Not to brag, but I am proud of myself for staying calm. I knew that how I handled this was setting a precedent and that whatever consequence I handed down needed to be significant. So I bought some time.
“I’m taking your permit right now,” I said to my son, “and there’s going to be a consequence. But I’m not sure what. I’ll have to let you know after I talk to your dad.”
Man, for the next several hours, I had on my hands two of the most compliant teenage boys EVER. I could have asked them to do anything – wear a tutu, paint the house, pick up dog poop – and they’d have been happy to do it.
That night, after we’d finished dinner and the kids were getting ready for bed, I found my hubs in his home office and told him we needed to talk. I asked him to listen to everything I had to say before he asked any questions. And then I told him the story from beginning to end.
He was silent. Seething. I could see it in the set of his jaw. And then finally, he spoke. Of disappointment and sadness. Of mistakes that could have been serious. Of what the incident bodes for the future. Of our son waiting years before he could take his driving test.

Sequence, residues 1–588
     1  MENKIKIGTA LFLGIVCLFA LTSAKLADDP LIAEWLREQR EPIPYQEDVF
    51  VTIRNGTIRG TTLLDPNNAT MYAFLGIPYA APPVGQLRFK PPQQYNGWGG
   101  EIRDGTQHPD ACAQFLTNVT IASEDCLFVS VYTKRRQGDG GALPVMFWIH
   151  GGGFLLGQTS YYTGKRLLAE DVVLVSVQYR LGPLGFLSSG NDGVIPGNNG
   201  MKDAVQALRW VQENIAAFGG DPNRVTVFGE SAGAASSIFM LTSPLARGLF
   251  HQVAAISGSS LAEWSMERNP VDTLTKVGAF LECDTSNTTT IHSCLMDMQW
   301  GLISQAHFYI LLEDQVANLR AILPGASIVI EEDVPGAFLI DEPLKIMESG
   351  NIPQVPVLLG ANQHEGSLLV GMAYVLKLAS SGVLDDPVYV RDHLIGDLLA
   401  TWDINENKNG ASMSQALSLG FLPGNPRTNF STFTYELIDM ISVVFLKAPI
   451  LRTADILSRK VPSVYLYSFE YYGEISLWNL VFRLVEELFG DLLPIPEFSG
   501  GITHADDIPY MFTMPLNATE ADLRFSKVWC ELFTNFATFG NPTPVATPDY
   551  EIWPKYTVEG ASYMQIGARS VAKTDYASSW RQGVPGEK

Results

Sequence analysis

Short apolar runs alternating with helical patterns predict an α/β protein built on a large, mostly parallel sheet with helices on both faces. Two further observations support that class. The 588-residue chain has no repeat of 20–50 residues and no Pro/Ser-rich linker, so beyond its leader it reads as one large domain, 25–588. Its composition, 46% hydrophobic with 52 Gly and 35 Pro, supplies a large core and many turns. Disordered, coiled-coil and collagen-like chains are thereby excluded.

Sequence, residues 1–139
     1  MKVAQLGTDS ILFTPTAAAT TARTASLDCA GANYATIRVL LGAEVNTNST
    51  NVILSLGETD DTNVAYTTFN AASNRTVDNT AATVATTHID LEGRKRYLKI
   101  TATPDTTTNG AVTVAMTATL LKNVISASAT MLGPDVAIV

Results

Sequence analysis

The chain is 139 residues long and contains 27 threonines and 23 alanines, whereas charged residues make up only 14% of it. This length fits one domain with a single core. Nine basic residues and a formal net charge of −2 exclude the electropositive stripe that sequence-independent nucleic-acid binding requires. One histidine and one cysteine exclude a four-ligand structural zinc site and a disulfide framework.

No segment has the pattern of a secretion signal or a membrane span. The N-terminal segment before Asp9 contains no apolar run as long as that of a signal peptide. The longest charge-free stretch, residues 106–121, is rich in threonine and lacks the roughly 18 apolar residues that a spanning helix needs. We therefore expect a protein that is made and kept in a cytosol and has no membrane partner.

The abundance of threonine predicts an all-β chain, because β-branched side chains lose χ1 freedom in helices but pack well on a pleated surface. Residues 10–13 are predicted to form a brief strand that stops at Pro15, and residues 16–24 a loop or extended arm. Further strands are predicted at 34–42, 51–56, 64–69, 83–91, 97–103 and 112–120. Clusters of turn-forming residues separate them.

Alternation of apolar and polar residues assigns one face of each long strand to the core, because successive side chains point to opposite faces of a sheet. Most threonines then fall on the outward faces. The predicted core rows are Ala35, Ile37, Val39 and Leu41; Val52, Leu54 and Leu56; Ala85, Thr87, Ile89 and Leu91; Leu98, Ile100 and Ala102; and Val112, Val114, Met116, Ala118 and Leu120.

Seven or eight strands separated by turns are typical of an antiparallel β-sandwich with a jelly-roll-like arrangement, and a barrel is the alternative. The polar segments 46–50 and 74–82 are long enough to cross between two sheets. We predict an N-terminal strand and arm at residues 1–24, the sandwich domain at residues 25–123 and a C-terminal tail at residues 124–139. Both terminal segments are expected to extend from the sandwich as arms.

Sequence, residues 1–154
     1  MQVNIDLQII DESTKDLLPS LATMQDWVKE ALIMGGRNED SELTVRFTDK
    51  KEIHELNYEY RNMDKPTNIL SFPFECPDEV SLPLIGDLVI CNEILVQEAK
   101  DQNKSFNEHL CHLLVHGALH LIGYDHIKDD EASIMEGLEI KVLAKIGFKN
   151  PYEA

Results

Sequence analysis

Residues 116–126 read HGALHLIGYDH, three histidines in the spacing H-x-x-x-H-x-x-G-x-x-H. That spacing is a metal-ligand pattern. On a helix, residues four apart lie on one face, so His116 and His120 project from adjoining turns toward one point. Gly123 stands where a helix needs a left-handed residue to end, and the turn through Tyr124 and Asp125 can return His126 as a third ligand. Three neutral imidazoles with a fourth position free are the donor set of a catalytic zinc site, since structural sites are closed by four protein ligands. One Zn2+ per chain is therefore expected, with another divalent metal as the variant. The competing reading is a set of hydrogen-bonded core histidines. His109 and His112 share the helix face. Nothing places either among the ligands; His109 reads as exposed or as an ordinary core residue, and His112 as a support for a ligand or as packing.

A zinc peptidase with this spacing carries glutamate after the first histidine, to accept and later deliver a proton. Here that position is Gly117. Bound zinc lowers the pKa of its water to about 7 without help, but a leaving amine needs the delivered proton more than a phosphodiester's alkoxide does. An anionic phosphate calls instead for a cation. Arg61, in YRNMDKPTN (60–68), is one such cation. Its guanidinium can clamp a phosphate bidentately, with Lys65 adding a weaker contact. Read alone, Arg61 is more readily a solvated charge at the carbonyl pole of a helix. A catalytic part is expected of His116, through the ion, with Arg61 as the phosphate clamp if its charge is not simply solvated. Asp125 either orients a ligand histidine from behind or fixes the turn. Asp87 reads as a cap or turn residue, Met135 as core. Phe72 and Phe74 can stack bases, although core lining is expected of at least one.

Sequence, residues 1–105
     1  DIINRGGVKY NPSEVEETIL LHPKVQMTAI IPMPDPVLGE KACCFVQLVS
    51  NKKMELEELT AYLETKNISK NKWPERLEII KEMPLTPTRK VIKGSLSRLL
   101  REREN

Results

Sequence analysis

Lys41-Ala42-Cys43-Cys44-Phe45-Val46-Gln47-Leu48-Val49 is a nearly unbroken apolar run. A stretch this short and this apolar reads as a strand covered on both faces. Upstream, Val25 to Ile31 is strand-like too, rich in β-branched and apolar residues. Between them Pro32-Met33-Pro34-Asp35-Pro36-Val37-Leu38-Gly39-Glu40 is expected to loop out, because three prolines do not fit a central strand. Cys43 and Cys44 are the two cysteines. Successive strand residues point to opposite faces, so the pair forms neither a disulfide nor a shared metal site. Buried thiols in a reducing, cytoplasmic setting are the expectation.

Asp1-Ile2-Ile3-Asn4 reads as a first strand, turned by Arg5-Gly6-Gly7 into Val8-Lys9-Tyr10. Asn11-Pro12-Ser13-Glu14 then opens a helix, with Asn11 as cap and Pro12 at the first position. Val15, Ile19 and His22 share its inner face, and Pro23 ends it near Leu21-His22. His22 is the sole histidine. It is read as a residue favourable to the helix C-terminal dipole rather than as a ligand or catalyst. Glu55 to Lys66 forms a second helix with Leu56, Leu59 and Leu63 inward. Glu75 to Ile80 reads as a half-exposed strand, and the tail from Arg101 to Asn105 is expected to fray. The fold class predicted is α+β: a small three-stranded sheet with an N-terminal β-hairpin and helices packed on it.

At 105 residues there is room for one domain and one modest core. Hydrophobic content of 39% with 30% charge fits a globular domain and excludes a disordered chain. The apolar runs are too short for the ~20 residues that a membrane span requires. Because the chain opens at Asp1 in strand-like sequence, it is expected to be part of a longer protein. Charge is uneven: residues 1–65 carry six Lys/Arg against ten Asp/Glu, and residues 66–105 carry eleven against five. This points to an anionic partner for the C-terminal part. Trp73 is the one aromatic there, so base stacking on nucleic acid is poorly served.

But he never said a thing about his past. Or mine. Or his mother’s.
I cleared my throat. “I’m not 100 percent on this, but I’m pretty certain your mother took her brother’s car out for a joyride before she could legally drive,” I said.
He just looked at me. “So you see,” I said, “all this comes from your side of the family.”
He didn’t exactly think that was funny.
But we found out, as the story slowly leaked out, that most folks we know have a similar tale to tell – even our kindly pediatrician.
In the end, we settled on making the boy wait a month after his birthday before taking his driving test. And he has to make restitution to his aunt and uncle. This he’ll do by helping them work in their yard and around their house.
Some said the punishment wasn’t harsh enough. But my husband and I tend to think that people can learn from their mistakes and that the punishment shouldn’t be so severe that it overshadows the lesson.
And besides, I’m pretty sure the worst punishment was the dread our son felt as he turned that corner and saw his mother standing in the middle of the street, watching as he drove the “borrowed” van down the street.